Teaching Profession Opinion

An Open Letter From a 20th-Century Teacher

By Jill Berkowicz & Ann Myers — March 16, 2014 4 min read
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Our guest blogger is Dr. Madlon Laster. She is a retired 20th century educator who has written books on brain-based teaching and learning.

When I started my teaching career in Wooster, Ohio in the fall of 1956, there wasn’t much orientation. I was provided with a lesson plan book, textbooks for the five subjects, a box of chalk, and six clean blackboard erasers. There must have been a grade book, too. I had only to be sure the plan book on the desk was filled out for the next week before I left on each Friday. I remembered the principal, a woman, was retiring after 47 or so years the next June. She visited my class one day, and took over the lesson, in the middle of it all, to say what she had done with the topic.

I had to be five minutes early for the weekly faculty meetings because “some of us have hair appointments at 4.” There was another fifth grade teacher, but she just occasionally shared some classwork her class had enjoyed -- map drawing, I recall. And if I ordered a film to show my class, I signed up for a time in the auditorium, and the principal would run the projector!

There were growing numbers of cultures and ethnic groups represented in classrooms then as today. The responsibility for integration and inclusion remains an important responsibility that requires attention and must not be set aside. With varying cultures represented in schools, attention must still be paid to communicating with students’ parents who may view education in a different way than we do.

By the time I was to retire, my classroom in Winchester, Virginia had a television and a VCR tape deck, there was a computer lab across the hall, and I may have had one in my classroom. The overhead projector was my pet “device,” I showed slides and filmstrips, and then, three weeks before I left it all behind, they installed a wall phone with thirteen extra buttons and a blinking red light. I covered it with a box because the blinking light was annoying while I was teaching. Now, there are ceiling-mounted projectors attached to the teacher’s computer and the interactive white boards, films can be streamed on any and all topics “on demand,” and heaven knows what else.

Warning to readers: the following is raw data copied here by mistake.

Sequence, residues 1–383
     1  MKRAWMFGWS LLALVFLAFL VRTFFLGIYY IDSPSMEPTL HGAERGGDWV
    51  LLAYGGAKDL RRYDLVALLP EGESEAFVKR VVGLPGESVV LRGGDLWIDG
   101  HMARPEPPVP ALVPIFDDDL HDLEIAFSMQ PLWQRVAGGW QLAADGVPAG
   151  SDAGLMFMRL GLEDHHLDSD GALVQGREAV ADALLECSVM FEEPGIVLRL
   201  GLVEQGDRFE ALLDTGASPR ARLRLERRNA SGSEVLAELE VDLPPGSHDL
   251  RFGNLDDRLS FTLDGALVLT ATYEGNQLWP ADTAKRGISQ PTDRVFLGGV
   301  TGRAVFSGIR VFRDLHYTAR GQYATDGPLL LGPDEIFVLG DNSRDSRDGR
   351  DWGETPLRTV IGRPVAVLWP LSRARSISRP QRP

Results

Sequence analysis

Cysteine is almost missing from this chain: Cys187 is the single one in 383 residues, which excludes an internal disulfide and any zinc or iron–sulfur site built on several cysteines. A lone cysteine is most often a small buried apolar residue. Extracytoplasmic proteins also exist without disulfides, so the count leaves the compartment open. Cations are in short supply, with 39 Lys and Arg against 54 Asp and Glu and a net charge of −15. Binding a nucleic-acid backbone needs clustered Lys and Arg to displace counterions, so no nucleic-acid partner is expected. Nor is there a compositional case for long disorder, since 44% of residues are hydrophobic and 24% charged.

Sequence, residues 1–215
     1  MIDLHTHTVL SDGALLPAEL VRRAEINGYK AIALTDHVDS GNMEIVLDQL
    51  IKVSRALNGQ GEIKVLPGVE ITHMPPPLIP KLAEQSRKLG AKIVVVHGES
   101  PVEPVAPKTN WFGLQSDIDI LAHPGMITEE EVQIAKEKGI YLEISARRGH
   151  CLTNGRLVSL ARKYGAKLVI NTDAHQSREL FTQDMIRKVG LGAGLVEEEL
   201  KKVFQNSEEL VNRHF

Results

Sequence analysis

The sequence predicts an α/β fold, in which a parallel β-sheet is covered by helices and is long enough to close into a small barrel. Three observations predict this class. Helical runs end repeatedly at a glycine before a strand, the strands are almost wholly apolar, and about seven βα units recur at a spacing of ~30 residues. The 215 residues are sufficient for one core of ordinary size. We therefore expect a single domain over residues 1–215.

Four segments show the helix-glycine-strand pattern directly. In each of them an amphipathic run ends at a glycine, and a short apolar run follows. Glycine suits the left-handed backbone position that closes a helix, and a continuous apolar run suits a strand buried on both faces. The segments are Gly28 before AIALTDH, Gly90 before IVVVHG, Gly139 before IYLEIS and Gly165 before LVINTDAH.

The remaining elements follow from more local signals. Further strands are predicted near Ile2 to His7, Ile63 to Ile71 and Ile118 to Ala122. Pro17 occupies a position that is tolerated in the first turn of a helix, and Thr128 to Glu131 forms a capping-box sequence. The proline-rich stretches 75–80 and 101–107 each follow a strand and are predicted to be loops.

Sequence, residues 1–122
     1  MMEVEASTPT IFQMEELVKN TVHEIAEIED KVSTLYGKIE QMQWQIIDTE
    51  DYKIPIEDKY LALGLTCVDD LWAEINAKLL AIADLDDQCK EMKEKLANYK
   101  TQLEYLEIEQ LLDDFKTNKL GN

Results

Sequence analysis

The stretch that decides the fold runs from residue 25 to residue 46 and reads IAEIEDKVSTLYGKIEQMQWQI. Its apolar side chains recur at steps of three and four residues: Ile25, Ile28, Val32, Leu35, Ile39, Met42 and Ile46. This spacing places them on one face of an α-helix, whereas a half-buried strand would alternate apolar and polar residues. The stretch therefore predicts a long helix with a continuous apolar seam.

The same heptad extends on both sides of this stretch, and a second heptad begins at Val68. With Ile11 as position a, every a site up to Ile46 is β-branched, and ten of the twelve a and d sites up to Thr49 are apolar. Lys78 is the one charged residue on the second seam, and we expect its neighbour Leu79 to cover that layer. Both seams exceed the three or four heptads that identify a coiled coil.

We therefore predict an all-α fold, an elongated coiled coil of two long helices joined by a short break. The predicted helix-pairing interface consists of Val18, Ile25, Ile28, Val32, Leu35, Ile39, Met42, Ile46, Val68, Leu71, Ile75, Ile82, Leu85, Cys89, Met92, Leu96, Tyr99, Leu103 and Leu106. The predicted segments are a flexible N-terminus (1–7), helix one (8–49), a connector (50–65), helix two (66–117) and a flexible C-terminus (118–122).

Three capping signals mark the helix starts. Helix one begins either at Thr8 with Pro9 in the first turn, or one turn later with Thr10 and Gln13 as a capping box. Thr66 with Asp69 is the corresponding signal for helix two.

Now, so much has changed; the technology, the Common Core Standards, assessments, and evaluations. There is so much for teachers and their principals to learn and do, it is possible to lose focus on the very important work that should be the basis of all work done in schools. No matter what their other mandates are, teachers need to always remember that students’ well being is their first priority and their principals need to support that focus. The pressure of the mandates teachers and their principals face today can easily pull attention away from the most important prerequisite for all learning for children. Some come to school overtired, upset, nervous or frightened, hungry, even feeling a bit sick, their emotional needs take over and learning is sabotaged or at least partially affected. They need your attention. No matter the pressure taking place in the profession, it is essential to remember to take note of students’ individual behaviors, who isn’t connecting today, looks preoccupied, won’t make eye-contact, glares at a classmate. It is the most important thing to keep the learning environment as safe, caring, and nurturing as possible, because the learning environment in the school and the classroom is what provides the most important foundation to learning.

Remember once students are curious and then interested, we all know what to do. If you concentrate on sharing a positive attitude, expect respect for you and each student, if you enjoy what you’re doing and want the students to enjoy it too, and allow for communal laughter (and quickly return to the lesson), the students will love you, and you will have as much fun as I did.

Amid it all, from the beginning of my career until the end, the students were “my kids,” and I focused on them. That was why I was teaching. I loved working with children, and I had loved going through school myself. So as many new teachers do, I began teaching the way I remembered being taught despite my degree in Elementary Education. And because I loved the projects we did then, we did projects in my fifth grade class. That was only the beginning. Things changed, challenges changed, just at they are now for you. However, the basics needed for learning remain the same. Classrooms will always need to be safe, encouraging environments that offer children opportunities for their curiosity to be ignited. No matter what else the 21st century demands of your teaching and leading, remember John Dewey of the 20th century who taught “learning to do by doing,” love your students, love your work, and remember there is nothing more important than your responsibility to your students. That knows no century...it is always.

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